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Is in-memory database a viable backup option for performing read operations in case of database failures? One can insert data into an in-memory database once in a while and in case the database server/web server goes down (rare occurence), one can still access the data present in the in-memory database outside of web server.

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3 Answers 3

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Obviously it probably depends on your database usage. For instance it would be hard for me to imagine StackOverflow doing this.

On the other hand not every application is SO. If your database usage is limited you could take a cue from Mobile Applications which accept the fact that a server may not always be available. And treat your web application as though it were a Mobile Client. See Architecting Disconnected Mobile Applications Using a Service Oriented Architecture

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If you're going to hold your entire database in memory, you might just as well perform all operations there and hold your backup on disk.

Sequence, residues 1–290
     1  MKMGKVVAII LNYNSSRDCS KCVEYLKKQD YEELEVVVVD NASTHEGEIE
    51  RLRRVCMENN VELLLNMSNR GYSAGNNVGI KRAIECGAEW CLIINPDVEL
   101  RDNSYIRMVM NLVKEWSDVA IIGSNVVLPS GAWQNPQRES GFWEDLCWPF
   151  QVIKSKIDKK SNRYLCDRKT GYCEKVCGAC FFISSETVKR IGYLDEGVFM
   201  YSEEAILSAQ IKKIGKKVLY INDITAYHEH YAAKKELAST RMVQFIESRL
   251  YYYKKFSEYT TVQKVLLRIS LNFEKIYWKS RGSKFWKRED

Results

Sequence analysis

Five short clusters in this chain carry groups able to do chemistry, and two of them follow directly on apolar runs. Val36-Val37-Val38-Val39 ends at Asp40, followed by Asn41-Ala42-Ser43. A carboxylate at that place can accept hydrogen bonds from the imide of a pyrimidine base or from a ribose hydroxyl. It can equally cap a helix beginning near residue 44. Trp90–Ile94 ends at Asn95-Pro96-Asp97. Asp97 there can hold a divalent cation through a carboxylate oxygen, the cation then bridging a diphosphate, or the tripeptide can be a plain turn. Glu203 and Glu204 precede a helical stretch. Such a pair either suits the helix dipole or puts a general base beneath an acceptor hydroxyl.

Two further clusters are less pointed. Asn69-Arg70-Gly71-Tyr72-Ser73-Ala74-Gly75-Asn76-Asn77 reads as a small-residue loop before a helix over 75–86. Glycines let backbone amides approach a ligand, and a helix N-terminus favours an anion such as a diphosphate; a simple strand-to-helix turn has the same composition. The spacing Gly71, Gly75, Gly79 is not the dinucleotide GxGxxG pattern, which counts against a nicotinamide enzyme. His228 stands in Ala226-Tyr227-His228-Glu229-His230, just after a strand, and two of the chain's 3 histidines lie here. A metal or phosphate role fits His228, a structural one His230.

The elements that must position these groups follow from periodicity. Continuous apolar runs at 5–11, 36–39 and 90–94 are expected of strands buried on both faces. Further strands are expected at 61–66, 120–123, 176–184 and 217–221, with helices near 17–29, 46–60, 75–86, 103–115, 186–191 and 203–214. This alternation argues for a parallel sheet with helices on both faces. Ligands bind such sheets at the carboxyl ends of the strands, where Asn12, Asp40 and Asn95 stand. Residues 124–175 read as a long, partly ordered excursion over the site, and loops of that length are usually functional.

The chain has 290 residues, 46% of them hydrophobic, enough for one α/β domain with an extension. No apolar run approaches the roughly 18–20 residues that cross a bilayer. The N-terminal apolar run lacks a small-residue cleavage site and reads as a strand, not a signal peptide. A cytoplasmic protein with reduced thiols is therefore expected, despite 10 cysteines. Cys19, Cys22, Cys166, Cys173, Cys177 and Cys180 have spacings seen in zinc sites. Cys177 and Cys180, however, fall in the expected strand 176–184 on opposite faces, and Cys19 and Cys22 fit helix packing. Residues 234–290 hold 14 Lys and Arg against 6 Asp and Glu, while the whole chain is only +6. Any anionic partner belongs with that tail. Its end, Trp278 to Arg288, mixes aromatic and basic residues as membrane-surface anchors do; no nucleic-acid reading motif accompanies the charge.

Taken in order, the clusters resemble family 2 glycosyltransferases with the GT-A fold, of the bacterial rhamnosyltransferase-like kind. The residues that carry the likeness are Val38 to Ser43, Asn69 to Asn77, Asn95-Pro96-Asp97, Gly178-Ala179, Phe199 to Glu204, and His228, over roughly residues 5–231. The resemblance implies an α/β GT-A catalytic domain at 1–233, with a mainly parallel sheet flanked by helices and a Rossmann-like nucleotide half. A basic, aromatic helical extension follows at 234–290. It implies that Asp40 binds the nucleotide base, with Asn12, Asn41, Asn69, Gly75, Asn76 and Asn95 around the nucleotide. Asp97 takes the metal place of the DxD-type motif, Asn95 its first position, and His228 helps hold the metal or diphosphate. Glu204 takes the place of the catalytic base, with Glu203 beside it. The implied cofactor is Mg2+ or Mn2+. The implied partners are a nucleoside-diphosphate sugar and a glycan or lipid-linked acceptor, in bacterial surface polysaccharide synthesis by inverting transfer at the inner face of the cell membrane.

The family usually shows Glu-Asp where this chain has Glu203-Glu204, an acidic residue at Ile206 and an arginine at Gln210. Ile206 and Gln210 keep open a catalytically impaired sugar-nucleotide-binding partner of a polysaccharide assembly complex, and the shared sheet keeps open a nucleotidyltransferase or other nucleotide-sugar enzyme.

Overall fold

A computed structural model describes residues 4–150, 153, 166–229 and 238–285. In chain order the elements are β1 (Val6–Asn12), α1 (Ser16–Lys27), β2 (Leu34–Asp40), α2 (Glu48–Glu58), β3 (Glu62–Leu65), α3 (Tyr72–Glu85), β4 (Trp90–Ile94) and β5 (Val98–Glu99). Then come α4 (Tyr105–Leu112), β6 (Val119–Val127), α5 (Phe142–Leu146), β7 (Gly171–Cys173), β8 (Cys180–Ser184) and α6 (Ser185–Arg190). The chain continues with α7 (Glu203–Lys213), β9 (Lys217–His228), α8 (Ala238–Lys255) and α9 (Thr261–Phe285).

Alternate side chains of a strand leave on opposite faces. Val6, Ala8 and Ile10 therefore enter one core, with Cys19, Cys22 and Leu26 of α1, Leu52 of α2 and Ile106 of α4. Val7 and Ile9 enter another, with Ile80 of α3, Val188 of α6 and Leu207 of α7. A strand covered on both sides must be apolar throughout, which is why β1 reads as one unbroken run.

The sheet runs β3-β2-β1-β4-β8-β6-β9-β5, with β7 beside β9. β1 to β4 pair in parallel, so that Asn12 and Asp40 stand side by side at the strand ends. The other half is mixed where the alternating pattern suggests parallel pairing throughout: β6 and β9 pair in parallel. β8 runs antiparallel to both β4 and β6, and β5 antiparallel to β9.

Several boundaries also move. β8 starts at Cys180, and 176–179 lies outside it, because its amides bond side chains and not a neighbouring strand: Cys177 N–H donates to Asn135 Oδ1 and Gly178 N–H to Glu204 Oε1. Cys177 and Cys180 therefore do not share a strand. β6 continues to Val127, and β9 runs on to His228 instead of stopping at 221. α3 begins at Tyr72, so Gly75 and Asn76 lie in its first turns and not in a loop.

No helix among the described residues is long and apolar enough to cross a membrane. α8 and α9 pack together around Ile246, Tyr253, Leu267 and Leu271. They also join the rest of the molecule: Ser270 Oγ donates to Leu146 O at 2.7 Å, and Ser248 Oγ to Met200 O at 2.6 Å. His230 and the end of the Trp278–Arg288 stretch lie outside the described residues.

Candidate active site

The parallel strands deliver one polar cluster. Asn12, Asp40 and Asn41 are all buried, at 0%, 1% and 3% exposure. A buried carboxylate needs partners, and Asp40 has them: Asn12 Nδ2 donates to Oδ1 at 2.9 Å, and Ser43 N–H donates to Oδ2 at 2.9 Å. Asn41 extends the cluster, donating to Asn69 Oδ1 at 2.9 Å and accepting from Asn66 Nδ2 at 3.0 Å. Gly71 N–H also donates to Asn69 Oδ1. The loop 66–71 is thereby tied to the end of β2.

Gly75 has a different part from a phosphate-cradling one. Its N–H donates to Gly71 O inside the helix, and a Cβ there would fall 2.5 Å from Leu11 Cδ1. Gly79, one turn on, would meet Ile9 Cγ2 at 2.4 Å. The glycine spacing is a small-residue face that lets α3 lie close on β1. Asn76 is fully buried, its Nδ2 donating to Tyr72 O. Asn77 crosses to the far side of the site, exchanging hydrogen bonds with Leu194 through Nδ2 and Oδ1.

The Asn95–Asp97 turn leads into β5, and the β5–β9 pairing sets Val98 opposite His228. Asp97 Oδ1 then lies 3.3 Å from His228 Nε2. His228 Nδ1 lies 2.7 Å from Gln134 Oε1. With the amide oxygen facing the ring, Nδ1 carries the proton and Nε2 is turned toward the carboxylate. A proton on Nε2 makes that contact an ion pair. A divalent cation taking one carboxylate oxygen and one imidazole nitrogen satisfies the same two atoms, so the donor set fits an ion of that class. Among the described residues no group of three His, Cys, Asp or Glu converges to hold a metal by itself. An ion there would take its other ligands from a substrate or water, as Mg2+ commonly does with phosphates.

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Accessing in-memory database would be a rare scenario happeneing in case of disk-based database being down. –  John C May 3 '11 at 1:51
    
My suggestion is that if you have two copies of your database, one on disk and one in memory, and they are functionally equivalent, why not use the faster, more reliable one (i.e. the one in memory) and hold the one on disk for backup? –  dkretz May 3 '11 at 4:38

No, since a power outage means your database is gone. Or if the DB process dies, and the OS deallocates all the memory it was using.

I'd recommend a second hard drive, external or internal, and dump the data to that hard drive.

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Do you have any particular format in mind? Like dumping the data in xml format which means that later we can write stylesheet to view the data in html pages. –  John C May 3 '11 at 1:52
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You can just dump to SQL. MySQL has a command mysqldump to do this. –  robbrit May 5 '11 at 16:13

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